|Warranty for stupidity|
I couldn't resist posting this one... I've had a classic customer case this last week. Guy bought one of our products that most people love. He tells me he's not happy with the performance. I expect this once in a while, so no big deal... I'm more than happy to help him get it working. Most of the time it's something they've done wrong installing it, so that it doesn't work right.
So I get him to send me photos and it's completely screwed up. It's obvious whoever did it doesn't know what they're doing. He tells me two guys installed it for him, and as I ask questions, he eventually admits that they dropped the item off the roof (which is 4 1/2' x 2' and 5 pounds) and stopped it from hitting the ground at the last minute, by grabbing the cable... which in turn broke the cable off. They then "installed their own cable" and proceeded.
So in a polite way, I basically try to tell this guy that I have serious doubts they have installed it correctly, or repaired it correctly... considering how it looks and the fact that they dropped it off the roof. He writes back and starts to get annoyed, saying that it "should be under warranty", because the cable broke "as if it was brittle"... A cable that is meant to conduct electricity... Not stop a plummeting 5 pound 4' long item falling off a roof.
I'm wondering what goes on in somebody's head that would make them think the two idiots who screwed up their brand new product by dropping it off a roof, and then basically doing a crap-tacular job installing it... have no reason to be accountable at all... But the guy who's thousands of miles away and sent them a pristine product with zero flaws... is somehow at fault. lol
i'm siding with the customer. any product should be able to withstand being flung off the roof of a one-story building. i test all my new computers like this.
|they dropped the item off the roof (which is 4 1/2' x 2' and 5 pounds) |
Ooh, you're selling fancy fixins for dollhouses. What is it, one of those doodads that make smoke seem to come out of the chimney?
|any product should be able to withstand being flung off the roof of a one-story building. i test all my new computers like this. |
Similarly with TV sets and windows.
Seriously, cable attachments are often a weak point. I periodically have to replace the pump of my cat fountain because when you take it out for cleaning and then put it back, it applies stress to the point where the cord comes out of the appliance. Liquid electrical tape takes care of it for a while, but not forever.
Do you do case studies of usage of your product on your site?
Sounds like you ought to start...
Yeah, I guess I made it sound like the house was that big. lol
I've never done a study. All I've done is learn to see the patterns over the years. Selling things that are performance oriented can be a pain. Because one person's 'great', is another person's 'sucks'. Luckily, most people are in the 'great' category. But there's some people that think... OK, I spent 5 times more on this than my last one, so it should perform 5 times better. Then when that doesn't happen, they get upset. That part I can understand, but what happens is... They basically start lying. First nothing was done wrong on installing. Then they let it slip that something was. Then every time they talk about it, the performance magically starts getting worse and worse. I will do returns, even though I take a huge hit... because it is basically a totally used item that I cannot resell without complete restoration.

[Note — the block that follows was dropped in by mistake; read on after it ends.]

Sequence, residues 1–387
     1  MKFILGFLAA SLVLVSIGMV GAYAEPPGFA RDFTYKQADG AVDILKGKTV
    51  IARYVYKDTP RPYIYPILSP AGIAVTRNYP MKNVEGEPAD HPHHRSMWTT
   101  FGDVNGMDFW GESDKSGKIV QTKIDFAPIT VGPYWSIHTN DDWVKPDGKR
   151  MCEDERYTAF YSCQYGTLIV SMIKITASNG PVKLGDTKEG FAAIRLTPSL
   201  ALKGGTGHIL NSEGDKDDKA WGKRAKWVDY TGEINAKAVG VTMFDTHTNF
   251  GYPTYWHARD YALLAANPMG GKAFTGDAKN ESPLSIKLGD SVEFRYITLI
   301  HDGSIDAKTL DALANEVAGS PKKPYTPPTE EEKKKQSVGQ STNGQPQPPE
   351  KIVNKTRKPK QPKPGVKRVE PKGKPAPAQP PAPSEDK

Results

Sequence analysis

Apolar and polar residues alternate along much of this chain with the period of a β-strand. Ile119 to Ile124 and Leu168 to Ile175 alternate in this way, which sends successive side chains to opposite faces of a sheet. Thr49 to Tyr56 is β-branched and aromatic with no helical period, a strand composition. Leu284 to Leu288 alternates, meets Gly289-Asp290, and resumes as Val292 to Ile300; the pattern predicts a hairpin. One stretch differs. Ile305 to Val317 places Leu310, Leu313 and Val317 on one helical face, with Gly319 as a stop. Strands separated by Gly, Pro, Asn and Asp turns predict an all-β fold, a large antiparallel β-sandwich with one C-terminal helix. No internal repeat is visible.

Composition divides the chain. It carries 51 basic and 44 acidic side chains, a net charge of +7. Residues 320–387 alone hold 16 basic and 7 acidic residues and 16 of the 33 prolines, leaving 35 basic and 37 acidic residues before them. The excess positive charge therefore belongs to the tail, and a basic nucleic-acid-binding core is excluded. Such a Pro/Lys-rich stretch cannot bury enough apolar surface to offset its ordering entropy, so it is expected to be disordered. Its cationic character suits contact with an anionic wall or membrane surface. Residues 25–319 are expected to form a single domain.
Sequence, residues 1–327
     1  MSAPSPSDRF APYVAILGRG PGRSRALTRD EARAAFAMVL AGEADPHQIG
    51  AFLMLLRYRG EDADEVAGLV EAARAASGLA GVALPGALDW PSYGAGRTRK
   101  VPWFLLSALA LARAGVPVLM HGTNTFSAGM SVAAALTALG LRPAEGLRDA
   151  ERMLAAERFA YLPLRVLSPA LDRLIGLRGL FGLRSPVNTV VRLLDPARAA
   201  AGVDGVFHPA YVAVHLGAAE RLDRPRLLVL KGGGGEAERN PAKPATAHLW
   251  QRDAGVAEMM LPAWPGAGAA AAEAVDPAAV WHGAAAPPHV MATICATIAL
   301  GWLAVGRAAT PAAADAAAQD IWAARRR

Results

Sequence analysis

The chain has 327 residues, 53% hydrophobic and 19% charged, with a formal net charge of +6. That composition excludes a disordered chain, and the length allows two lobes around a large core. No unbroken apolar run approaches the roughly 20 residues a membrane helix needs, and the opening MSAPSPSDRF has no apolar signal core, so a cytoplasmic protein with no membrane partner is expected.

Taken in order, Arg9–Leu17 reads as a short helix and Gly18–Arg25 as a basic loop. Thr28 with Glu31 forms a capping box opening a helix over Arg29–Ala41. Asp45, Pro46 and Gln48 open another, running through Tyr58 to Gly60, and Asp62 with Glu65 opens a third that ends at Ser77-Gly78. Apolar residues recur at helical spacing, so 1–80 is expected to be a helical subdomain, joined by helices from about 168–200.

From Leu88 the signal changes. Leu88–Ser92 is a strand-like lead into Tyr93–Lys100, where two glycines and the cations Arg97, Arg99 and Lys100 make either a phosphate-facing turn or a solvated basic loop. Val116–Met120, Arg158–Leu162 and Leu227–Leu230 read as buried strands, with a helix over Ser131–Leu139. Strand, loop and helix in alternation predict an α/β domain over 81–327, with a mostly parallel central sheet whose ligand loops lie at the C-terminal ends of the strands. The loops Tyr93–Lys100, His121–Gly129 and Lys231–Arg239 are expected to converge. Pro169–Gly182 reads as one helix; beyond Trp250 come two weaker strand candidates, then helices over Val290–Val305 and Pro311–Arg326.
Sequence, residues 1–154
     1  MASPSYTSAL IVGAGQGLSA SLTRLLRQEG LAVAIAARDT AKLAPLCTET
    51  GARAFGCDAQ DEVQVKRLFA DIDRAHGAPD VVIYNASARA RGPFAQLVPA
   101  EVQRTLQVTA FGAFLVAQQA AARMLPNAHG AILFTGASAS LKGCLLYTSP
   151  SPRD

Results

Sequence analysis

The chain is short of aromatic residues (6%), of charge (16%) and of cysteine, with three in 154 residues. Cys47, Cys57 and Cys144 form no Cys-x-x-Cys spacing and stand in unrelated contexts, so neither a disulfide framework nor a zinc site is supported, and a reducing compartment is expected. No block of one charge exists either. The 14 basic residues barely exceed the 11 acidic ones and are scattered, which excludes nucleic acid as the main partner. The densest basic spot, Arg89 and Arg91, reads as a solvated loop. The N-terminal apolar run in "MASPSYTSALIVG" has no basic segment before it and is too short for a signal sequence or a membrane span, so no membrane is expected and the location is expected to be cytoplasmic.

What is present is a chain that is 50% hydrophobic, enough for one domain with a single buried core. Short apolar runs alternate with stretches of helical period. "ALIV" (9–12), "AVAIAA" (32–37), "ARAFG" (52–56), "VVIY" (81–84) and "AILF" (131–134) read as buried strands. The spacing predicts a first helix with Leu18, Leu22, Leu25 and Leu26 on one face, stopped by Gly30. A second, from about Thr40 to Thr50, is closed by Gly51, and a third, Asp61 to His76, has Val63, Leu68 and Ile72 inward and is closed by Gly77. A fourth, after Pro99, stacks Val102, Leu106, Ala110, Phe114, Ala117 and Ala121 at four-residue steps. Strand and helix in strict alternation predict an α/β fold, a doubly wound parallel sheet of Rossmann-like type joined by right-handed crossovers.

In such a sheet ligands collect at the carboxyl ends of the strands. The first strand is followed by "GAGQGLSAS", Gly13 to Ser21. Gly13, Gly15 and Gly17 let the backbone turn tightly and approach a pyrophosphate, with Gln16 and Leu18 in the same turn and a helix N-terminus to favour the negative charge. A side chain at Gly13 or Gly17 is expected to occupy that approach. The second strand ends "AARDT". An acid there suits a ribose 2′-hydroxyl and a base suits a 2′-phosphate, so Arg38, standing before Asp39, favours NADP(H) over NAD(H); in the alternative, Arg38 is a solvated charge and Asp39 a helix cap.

But the funny part about this one, is how this guy doesn't seem to think the dudes that dropped it off the roof are guilty at all. Somehow I'm guilty because I didn't make something capable of surviving a drop off the roof. lol He just wrote me again, saying the same thing.
I want people to be happy, but geez... I gotta take a loss, and the bozos that dropped it get to keep their fee, no problem? How is that fair? I'm just going to send him a new cable and hopefully that will get rid of him. Probably not though.
He's giving it to the bozos, too. More than likely, they didn't get paid, because the installed widget didn't work.
Ask to speak to one of the bozos to confirm installation specs... privately. Only then will you get the rest of the story. Your customer is likely putting the screws to both you and them.
His position is somewhat understandable. He bought your widget, paid the bozos for turnkey installation, everything went haywire, and he's left holding the bag. He's gonna be upset, but to blame you for brittle wires is a stretch.
ROFLMAO hahaha . . . reminds me of an eBay seller that had bad freedback. "The buyer bought a sleeping bag and opened the box with . . . . a boxknife, slicing it in several places."
Avoid the temptation to appease the customer just to avoid an argument with him. If a customer is completely in the wrong, you have to draw the line somewhere. I used to satisfy every ridiculous customer request just to avoid a negative feedback or to avoid having an uncomfortable conversation with them. Returns are a big cost in retail and eventually you have to stand your grounds.
A good middle-ground solution might be to allow him to return the item, minus freight costs, and with a 25%-35% restocking fee. Sometimes people just want to save face, and this gives him an out.